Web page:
See "Performance Issues for Queue Tables" in pdf: "SQL Data Definition Language" for the database version you are looking at. Some statements re performance state:
The expected behavior for a queue table is that the producers of queue table rows are
working at approximately the same speed as their consumers: rows are consumed as
quickly as they are inserted into the table.
In other words, an application that would typically populate a queue table with millions of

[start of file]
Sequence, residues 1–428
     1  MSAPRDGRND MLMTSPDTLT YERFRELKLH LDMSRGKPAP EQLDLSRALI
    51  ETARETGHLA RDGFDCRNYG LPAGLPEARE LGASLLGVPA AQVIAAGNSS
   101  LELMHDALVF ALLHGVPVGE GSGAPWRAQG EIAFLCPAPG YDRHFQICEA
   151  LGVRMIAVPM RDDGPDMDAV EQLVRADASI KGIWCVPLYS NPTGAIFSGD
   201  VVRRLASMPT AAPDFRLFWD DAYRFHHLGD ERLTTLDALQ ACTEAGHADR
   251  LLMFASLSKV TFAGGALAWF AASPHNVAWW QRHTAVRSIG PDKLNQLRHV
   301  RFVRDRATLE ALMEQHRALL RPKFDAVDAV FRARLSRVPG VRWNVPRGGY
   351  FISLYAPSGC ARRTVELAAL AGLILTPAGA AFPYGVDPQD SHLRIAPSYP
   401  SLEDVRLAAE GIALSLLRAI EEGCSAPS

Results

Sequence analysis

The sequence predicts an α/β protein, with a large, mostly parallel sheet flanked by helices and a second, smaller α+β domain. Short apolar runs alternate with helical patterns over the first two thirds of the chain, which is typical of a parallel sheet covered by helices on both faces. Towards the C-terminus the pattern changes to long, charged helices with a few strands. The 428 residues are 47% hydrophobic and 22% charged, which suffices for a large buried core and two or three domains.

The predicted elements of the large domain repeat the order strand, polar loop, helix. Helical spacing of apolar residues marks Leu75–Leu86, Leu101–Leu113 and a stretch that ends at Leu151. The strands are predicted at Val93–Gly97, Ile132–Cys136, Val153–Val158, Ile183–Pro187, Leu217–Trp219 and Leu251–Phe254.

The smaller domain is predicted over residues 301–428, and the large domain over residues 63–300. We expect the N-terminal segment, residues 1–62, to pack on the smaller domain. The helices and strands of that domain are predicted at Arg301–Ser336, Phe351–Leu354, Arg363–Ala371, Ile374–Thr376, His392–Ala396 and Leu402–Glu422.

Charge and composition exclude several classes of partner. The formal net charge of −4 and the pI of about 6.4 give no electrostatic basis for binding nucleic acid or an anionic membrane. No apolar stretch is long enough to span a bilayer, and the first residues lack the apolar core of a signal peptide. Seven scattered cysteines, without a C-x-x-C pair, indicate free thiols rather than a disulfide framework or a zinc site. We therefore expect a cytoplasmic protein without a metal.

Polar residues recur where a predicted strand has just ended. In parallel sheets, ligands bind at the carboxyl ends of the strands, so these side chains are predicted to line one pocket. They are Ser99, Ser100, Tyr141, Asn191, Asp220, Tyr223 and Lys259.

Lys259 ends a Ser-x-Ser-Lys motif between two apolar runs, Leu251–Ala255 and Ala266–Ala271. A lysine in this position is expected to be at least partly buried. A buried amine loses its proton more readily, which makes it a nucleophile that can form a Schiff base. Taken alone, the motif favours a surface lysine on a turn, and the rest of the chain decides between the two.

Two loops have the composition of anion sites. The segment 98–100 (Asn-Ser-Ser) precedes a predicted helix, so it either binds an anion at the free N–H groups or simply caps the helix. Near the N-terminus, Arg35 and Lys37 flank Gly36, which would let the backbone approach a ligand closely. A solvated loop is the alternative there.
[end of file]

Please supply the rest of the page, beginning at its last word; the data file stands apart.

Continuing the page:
rows before consuming any of them would not see any performance gain over using a
nonqueue table, so is not a good candidate for using the feature.
When the number of queue table rows on a single PE frequently exceeds the size of the
queue table cache, which is approximately 2,000 row entries per table or 20,000 row
entries per PE53, then the system must perform full-table scans more frequently to refresh
the cache. Such states also increase the likelihood of errors related to lock-oriented
transaction aborts and queue table cache overflow being returned to the requestor.